This document has been archived. For current NSF funding opportunities, see
Division of Ocean Sciences
The Division of Ocean Sciences (OCE)
supports basic research and education to further understanding of all aspects
of the global oceans and their interactions with the Earth and the atmosphere.
OCE also supports the operation, acquisition, construction, and conversion
of major shared-use oceanographic facilities needed to carry out oceanographic-related
At any given time, certain research areas within the OCE Division may
be selected for emphasis on the basis of special scientific opportunities.
Further information on global change research programs and other focused
programs is available via the appropriate links on the OCE Division home
• Ocean Section
In addition to these regular programs, there are occasional announcements
of opportunity to participate in global change research programs and other
1. Biological Oceanography
Supports research on ocean productivity;
the distribution, abundance, physiology, and life history of pelagic, coastal,
and deep-sea marine organisms and their interactions with environments;
structures of pelagic and benthic food chains; primary and secondary production;
interactions between deep-sea biological processes and the ocean ecosystem;
the specialization of deep-sea organisms; the ecology of the Great Lakes
and factors regulating productivity; and marine biotechnology.
2. Chemical Oceanography
Supports research on physical and chemical
properties of seawater, including kinetic and thermodynamic equilibria
of chemical species and compounds in seawater; fluxes between sea floor
their interstitial waters and overlying seawater; fates of materials deposited
on the sea floor; alterations and interactions of material moving through
the ocean; interactions and interdependencies between chemical processes
and marine organisms; air/sea exchanges of manmade and naturally mobilized
chemicals; and chemical properties of the ocean surface.
3. Physical Oceanography
Supports research on the description, analysis,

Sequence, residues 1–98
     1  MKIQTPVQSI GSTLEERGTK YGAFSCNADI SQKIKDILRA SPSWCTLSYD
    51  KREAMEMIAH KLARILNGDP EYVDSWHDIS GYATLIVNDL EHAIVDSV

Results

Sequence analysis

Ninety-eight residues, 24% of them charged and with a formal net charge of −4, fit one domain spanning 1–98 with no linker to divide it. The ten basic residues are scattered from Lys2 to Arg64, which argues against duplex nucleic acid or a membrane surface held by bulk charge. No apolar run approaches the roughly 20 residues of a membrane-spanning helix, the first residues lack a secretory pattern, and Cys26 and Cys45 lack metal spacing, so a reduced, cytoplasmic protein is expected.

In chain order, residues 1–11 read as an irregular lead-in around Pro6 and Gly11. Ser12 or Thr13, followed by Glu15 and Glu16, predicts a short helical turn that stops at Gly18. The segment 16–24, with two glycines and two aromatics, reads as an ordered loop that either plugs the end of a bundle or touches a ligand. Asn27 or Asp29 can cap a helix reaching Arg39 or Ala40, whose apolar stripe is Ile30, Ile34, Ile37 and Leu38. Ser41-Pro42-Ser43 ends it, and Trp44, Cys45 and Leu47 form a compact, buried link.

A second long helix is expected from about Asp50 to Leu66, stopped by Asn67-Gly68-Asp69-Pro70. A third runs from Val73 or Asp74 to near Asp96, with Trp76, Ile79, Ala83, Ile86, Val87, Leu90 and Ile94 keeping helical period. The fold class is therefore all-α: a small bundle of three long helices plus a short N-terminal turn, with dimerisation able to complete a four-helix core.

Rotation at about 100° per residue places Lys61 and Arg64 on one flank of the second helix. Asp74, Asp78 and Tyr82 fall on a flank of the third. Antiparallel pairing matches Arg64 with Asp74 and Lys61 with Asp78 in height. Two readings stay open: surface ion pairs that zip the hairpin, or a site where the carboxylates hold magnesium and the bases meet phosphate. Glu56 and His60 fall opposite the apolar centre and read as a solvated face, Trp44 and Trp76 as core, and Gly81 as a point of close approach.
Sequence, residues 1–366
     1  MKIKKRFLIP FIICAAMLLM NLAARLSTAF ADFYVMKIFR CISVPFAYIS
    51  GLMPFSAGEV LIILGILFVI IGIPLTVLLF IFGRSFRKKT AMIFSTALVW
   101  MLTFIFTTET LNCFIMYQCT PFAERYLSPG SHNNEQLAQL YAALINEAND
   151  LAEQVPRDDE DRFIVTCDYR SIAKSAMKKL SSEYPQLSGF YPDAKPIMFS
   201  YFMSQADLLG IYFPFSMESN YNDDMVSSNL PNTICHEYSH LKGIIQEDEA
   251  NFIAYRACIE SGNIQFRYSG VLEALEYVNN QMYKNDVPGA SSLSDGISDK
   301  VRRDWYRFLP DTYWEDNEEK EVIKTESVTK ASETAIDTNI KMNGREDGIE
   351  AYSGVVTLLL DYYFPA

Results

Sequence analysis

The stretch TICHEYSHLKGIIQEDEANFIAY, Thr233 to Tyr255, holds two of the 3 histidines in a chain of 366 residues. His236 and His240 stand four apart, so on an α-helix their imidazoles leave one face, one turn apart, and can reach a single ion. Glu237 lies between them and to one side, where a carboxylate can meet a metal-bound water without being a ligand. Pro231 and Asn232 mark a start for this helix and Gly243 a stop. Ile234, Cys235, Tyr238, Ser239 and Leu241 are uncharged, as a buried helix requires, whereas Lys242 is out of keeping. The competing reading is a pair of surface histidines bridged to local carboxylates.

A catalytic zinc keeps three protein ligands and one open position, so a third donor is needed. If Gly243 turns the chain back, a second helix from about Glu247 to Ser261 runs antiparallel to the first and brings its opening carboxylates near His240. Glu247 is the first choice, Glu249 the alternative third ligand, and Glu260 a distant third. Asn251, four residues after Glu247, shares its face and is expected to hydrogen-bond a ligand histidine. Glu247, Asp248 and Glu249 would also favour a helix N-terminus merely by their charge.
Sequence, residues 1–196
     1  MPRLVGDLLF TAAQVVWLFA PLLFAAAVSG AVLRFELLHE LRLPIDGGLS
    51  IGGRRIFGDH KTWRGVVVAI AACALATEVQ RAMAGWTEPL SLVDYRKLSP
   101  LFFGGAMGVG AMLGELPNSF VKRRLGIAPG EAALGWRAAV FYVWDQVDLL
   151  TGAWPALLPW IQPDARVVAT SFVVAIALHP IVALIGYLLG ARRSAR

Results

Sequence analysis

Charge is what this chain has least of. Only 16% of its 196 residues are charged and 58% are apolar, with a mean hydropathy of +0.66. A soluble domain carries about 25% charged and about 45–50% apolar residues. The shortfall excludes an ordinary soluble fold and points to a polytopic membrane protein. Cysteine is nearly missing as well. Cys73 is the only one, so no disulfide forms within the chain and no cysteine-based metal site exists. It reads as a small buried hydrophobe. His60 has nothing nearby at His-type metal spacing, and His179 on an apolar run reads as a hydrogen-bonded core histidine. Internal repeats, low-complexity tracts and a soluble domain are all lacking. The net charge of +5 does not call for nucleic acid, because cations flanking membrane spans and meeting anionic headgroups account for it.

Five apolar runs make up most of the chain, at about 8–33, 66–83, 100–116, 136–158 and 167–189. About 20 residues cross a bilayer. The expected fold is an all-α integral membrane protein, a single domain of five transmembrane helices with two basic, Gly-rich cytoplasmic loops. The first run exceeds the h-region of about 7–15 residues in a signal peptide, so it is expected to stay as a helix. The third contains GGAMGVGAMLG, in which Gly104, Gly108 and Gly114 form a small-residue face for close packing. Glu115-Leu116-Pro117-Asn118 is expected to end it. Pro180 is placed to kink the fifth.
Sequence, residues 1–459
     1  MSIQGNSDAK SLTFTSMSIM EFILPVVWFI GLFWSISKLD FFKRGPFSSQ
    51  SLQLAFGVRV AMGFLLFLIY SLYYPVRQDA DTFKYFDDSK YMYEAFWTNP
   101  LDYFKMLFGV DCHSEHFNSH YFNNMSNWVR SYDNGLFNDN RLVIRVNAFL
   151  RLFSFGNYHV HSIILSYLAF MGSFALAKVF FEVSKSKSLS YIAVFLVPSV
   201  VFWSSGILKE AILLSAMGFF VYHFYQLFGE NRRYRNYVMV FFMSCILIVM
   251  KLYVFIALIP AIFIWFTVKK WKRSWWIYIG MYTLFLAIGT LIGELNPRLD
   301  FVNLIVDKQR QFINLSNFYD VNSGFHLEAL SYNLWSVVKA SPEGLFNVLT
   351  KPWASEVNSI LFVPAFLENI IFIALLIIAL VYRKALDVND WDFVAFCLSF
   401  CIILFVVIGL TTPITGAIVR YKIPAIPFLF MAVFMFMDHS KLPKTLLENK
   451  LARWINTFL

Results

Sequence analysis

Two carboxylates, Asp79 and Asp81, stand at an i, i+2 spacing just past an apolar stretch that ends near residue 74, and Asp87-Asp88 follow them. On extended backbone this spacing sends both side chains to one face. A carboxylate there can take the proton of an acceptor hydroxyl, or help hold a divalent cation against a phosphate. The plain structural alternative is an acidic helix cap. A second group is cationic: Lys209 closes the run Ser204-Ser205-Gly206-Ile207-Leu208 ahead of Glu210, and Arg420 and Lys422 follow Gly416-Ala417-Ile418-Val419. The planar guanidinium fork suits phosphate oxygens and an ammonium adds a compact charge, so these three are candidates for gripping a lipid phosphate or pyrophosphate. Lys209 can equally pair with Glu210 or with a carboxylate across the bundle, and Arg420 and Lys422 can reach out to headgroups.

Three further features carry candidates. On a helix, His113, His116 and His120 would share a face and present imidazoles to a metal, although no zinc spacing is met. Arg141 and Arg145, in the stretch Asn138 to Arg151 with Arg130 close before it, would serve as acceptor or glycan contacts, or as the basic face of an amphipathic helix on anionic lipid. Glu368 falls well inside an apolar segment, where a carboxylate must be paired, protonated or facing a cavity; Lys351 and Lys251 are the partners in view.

and modeling of oceanic circulation and transport; the effects of circulation
on energy and momentum transport; physical circulation processes, eddy
generation, and turbulent mixing on continental shelves; mixing processes
in estuaries; wind-generated tides and surface and internal waves; small-scale
transport processes such as diffusion, conduction, convection, and three-dimensional
turbulence; and physical properties of seawater and circulation and mixing
processes in lakes.
• Marine Geosciences Section
1. Marine Geology and Geophysics
Supports research on the structure
of continental margins, oceanic rise systems, and deep-sea sedimentary
basins; the evolution of ocean basins; processes controlling exchanges of
chemical elements between seawater and oceanic rocks; tectonic and volcanic
activity at midocean ridges; chemical and mineralogic variations in marine
sediments; the deposition, erosion, and distribution of marine sediments;
geologic and oceanographic processes controlling sedimentary systems; past
oceanic circulation patterns and climates; the evolution of microfossil
groups; paleoenvironmental controls on fossil groups and sediment types;
and interactions of continental and oceanic geologic processes.
2. Ocean Drilling Program (ODP)
Explores, on a global scale, the
Earth's crust beneath the ocean in order to learn more about the composition,